CONTACT: Stanford University News Service (650) 723-2558
STANFORD -- Hindu mythology, the history of breast cancer and the life and music of Frederic Chopin are among the subjects to be examined in the five- and eight-week summer courses offered by Stanford's Continuing Studies program.
Hindu Mythology, a five-week course, will examine some key elements in Hindu myths, the forms they take in the different cultures of South Asia, the various methods Indian and Western specialists have used to analyze and interpret them, and their representation in the arts and in literature, both traditional and modern. Taught by Mark Mancall, professor of history, the class meets on Tuesdays, beginning June 21.
The history of breast cancer opens a window to many cultural representations of women in the past and provides perspective on present conditions. Social and Medical Representations of the Body: Breast Cancer in History, a five- week course, will focus on the 18th-century, when medical beliefs and practice were changing, accompanied by a shift in attitudes about women's bodies. Taught by Edith Gelles, affiliated scholar at the Institute for Research on Women and Gender, the course meets on Tuesdays, starting June 28.
Frederic Chopin: Life and Music, a five-week course, will examine the life and music of one of the most consistently popular composers with both pianists and audiences. Taught by Jonathan Bellman, visiting professor in music, it meets on Wednesdays, beginning June 22.
Except where noted, the classes meet from 7 to 9:15 p.m. one night a week on campus; five-week classes meet from 7 to 8:50 p.m. Most summer quarter classes begin the week of June 20.
Other summer offerings follow:
Works on Paper II, a basic drawing class taught by Larry Lippold, lecturer in art and preparator at the Museum of Art, meets from 9:30 a.m. to 12:30 p.m. Saturdays, beginning June 25. Some drawing experience is helpful but not necessary. Enrollment is limited to 20 students.
Wallace Stegner Fellow in Poetry David Biespiel will teach a Poetry Workshop designed to give students a supportive and keen-eyed critique of their poems. The course meets from 7:30 to 9:00 p.m. Mondays and Wednesdays, beginning June 20. The course is open to all poets, but enrollment is limited to 15 students.
Law and Literature, taught by Joyce Penn Moser, associate director of Freshman English, meets on Mondays, beginning June 20.
The European Union, a five-week course, will examine the origins of European integration, the institutions of the union, and its policies and its prospects. Taught by Roberto D'Alimonte, visiting professor of political science, the course meets on Tuesdays, beginning June 28.
Fundamentals of Music Appreciation, a five-week course, taught by Jonathan Bellman, visiting assistant professor of music, meets on Tuesdays, beginning June 21.
Magic, Witchcraft and Religion will draw on anthropological research and analytical approaches to compare examples of "insider" perspectives with dominant views presented in popular culture. Taught by Amy Burce, visiting professor in anthropology, the course meets on Tuesdays, beginning June 21.
The Short Story, taught by Jane Emery, visiting associate professor of English, meets on Wednesdays, beginning June 22.
Psychology of Transformation from Communism to Democracy, which will help students to experience the recent history of transitions from totalitarianism to democratic society and to understand current problems, taught by Martina Klicperova, visiting professor of psychology, meets on Wednesdays, beginning June 22.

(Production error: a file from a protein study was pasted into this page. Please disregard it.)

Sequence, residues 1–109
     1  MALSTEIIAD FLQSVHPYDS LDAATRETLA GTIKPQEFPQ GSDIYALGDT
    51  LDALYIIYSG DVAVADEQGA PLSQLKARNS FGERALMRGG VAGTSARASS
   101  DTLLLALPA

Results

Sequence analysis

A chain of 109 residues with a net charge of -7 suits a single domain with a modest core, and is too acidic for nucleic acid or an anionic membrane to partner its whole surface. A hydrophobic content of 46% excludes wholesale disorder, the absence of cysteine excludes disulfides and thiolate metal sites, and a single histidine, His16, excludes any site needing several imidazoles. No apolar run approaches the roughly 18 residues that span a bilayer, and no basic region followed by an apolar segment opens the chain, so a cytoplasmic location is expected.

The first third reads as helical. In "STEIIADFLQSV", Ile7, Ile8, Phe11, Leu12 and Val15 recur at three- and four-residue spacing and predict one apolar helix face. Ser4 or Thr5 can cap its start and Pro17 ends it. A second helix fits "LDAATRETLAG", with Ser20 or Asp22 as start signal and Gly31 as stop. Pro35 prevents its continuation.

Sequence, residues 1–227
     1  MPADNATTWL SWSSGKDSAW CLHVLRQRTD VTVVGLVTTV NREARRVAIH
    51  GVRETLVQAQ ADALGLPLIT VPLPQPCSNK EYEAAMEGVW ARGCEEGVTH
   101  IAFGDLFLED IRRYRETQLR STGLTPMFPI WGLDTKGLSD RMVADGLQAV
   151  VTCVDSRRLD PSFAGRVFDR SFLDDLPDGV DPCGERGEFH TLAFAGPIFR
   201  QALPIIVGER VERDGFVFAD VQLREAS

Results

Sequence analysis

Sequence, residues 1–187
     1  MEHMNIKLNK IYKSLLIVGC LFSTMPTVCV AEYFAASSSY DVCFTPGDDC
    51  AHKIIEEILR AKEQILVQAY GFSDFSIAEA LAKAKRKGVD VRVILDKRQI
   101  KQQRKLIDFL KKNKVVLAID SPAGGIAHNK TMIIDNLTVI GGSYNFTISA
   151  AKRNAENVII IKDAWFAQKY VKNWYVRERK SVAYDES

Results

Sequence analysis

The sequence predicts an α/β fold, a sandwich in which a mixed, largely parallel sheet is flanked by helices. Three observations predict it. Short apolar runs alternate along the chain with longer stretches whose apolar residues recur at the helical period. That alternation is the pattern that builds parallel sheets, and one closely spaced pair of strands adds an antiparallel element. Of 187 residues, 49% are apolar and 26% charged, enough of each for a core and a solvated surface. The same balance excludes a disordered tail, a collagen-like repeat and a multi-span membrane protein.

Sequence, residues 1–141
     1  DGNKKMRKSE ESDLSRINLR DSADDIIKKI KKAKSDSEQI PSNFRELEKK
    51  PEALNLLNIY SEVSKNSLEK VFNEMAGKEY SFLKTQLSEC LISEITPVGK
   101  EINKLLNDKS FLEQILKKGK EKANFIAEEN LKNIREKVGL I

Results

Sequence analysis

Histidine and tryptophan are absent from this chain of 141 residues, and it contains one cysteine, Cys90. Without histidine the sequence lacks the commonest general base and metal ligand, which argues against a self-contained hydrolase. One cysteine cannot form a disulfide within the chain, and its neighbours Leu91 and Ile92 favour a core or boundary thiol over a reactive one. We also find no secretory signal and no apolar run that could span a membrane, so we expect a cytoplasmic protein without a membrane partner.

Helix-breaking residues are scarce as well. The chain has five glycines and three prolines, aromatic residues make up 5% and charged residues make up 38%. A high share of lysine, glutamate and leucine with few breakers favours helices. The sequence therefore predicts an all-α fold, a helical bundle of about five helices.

Genetic Disease, which will cover our current understanding of genetic diseases, particularly those of the nervous system, taught by Roland Ciaranello, professor of psychiatry, meets on Wednesdays, beginning June 22.
London Perceived: 1790-1990, which will examine images and visions of the city in British culture over the last two centuries, paying particular attention to traditions of social criticism and to middle class perceptions of the urban poor and popular culture, taught by Bruce Thompson, lecturer in humanities special programs, meets on Thursdays, beginning June 23.
Cultural Anthropology: An Introduction, which will explore the anthropological concepts of "culture" and "cultural relativism," taught by Janice Stockard, visiting scholar at the Center for East Asian Studies, meets on Thursdays, beginning June 23.
The Myth of American Modernism, which will study American poets and fiction writers who helped create the 20th-century Modernist movement, taught by Donald Bacon, lecturer in humanities meets Thursdays, beginning June 23.
Hypnosis: An Introduction, taught by Carlo Piccione, visiting scholar in psychology, meets on Thursdays, beginning June 23.
All regular Stanford employees (50 percent time or more) are eligible to receive up to $140 per quarter to be applied toward course tuition. Spouses of eligible employees and spouses of Stanford students will receive a 20 percent discount on tuition. Tuition is $125 per unit, except for the limited enrollment workshops, which are $135 per unit. In addition, there is a $25 registration fee.
The program's course catalog is also available on-line. Prospective students can now find information about the summer quarter courses in the PRISM training schedule beginning June 8.
Continuing Studies classes are open to students who have a high school diploma or its equivalent. For additional information, or to register by phone, call 725- 2650.
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